An Escape Story
When I was really bad as a kid, my parents would send me to my room. Grounded in solitary confinement was supposed to change my behavior. It never worked. It never worked because I liked it.
I liked to be alone. I still do.
As a runner, I didn’t begin the miles on my own. From the first mile, to the following walk/run/walk/run miles, I had a running buddy; my wife. Without doubt, she deserves the biggest credit for my sticking with my running commitment in my first months of running. I would certainly have returned to my books on the sofa during those painful, nascent miles as a newbie. With her at my side, it was easy not to quite.
So from mile one to the my first 5K, to my first genuine race medal finishing a Turkey Trot 10K, I ran side by side with my much better half. Mindy proved the perfect running buddy, since we start our running routine at the same time. To clarify, Mindy was returning to running. She had ran many years before, including putting the Chicago Marathon on her list of running achievements.
She decided to bring running back into her fitness and invited me to try running with her. With both of us starting from zero, our running together was easy and fun. Neither of us have ever grasped why so many running articles warn of knocking out miles with your loved one. It never applied to us. We’ve always enjoyed our running together.
As we progressed through our running schedules, and signed up for our first half marathon, our paces had changed. During the first week of preparing for taking my body thirteen point miles, I began doing many of my training runs alone.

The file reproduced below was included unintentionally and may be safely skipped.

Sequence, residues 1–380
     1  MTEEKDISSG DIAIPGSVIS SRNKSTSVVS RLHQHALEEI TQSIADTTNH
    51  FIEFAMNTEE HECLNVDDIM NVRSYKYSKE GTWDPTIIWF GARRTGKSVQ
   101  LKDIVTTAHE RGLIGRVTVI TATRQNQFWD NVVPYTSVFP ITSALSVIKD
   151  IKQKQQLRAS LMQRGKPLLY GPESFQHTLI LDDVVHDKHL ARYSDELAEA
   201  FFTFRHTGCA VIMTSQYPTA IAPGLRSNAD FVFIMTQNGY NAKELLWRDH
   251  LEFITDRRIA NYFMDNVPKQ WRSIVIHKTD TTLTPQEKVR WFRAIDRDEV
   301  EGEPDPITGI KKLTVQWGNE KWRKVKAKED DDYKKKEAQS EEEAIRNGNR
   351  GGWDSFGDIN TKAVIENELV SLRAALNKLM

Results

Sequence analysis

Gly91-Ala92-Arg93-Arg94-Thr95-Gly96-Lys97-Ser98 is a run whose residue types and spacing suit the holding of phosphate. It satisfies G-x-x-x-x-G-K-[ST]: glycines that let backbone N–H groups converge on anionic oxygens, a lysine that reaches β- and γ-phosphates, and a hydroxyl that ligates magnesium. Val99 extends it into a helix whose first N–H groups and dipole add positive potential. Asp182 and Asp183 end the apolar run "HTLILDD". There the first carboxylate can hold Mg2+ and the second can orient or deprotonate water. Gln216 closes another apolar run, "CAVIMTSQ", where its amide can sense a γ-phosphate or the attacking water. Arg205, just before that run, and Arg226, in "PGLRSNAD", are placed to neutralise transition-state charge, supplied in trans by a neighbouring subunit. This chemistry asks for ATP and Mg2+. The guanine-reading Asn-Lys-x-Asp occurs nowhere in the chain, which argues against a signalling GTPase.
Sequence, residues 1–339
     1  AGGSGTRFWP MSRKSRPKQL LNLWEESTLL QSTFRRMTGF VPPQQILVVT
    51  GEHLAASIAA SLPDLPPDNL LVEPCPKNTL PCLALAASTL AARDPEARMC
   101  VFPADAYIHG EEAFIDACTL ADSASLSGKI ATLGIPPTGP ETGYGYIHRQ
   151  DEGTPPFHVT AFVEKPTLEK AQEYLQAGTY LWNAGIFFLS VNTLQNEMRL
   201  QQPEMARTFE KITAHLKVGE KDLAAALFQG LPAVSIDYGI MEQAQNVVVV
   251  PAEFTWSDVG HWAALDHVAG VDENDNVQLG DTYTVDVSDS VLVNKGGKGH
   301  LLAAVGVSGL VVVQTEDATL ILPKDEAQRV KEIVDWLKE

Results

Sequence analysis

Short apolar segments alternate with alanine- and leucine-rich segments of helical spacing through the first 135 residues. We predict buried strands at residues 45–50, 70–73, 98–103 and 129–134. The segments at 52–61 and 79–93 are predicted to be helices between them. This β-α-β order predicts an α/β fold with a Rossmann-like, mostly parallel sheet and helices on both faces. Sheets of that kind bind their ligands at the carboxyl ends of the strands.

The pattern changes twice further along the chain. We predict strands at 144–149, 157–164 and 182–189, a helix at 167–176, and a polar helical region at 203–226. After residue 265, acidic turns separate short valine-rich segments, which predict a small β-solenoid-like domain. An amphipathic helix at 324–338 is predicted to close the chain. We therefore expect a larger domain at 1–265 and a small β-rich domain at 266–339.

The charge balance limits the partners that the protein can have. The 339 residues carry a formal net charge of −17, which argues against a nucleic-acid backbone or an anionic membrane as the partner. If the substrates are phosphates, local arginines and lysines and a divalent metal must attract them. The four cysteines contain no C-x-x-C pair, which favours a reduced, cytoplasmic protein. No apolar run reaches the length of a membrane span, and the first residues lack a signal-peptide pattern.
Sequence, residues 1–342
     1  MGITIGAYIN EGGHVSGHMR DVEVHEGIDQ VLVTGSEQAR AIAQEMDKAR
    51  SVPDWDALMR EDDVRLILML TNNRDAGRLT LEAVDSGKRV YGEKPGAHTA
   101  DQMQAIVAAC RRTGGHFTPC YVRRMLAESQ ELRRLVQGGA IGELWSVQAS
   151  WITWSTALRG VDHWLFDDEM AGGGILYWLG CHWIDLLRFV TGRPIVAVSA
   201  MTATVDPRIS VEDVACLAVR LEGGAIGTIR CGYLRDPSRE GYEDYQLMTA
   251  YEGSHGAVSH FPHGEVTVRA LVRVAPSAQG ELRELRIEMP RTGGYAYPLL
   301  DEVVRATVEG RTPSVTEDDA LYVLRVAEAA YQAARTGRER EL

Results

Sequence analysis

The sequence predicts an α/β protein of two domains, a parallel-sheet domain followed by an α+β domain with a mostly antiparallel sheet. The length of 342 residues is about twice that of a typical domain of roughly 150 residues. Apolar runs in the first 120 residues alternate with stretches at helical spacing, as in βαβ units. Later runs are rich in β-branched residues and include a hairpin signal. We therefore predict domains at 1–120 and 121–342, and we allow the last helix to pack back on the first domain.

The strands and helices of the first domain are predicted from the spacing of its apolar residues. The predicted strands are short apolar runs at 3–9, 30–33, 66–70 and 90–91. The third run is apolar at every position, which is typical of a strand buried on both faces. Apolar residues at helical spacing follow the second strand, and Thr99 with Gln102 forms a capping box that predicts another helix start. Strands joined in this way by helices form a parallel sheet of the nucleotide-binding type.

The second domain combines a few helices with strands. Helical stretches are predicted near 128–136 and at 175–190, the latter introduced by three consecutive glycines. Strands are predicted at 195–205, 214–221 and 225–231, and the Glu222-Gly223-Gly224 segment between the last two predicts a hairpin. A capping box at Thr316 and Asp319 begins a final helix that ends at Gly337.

Running alone brought joy yet undiscovered. I had no idea I would embrace such peace, such precious space, in my over scheduled life as on my solitary runs.
As I began running alone, so did I begin approaching my running as being about much more than physical fitness.
It took some time to build the mindfulness to take a run and actually be alone. Like most, I was guilty of bringing work with me on my run. Yes, I was running by myself, but I certainly wasn’t alone. I was thinking about notes for the next meeting, writing email drafts in my head crafting marketing posts. Not exactly alone time.
And, again, like many others, I took my phone. It was important to me to bring my phone on my run. At some point during my supposedly alone time, the run became about grabbing a photo, melding my stats, and coming up with yet another way to get approval from the other runners on my feed.
Escaping the traps of bringing the world with me became a new focus on my life during my marathon training. I made a concerted effort to actually be alone. Through repeated weeks of mindfully disconnecting from all that connected me to the noise of the day, I got much better at running alone. And I discovered the genuinely solitary runs were improving my fitness, my pace, my heart rate, and my mental sense of well being.
It all brings me back to childhood simplicity. I’m by myself. I’m with my own thoughts, my own sense of self, my own awareness of the nature surrounding me.
I’m not seeking, needing, wanting, yearning, burning for anything other than the road before me. It’s a good place to be. Running. Alone.
Psychiatrists, psychologists, and many other ists have researched and studied and penned at length about why it’s difficult for many people to be alone. I have friends that cannot imagine a run without a social media post. I know people that can’t be in the house without having a TV on. Some have multiple TVs. All on at once. The simple truth is that many of us struggle with the basic, raw emotion of being alone with only our thoughts. It can be rooted in anything from mental health issues to current enculturation that we need to be achieving something every waking moment.
Running alone can be a simple pleasure. A time to take yourself off the hook. A time to just be you. You’re allowed to be you. You’re allowed to have time for yourself.
Don’t get me wrong, I still enjoy a lot of miles running side by side with my favorite running buddy. I hope many, many more of those miles are in our future together. But the time by myself, I’ve learned, is of equal importance.
The time spent alone. And on the run.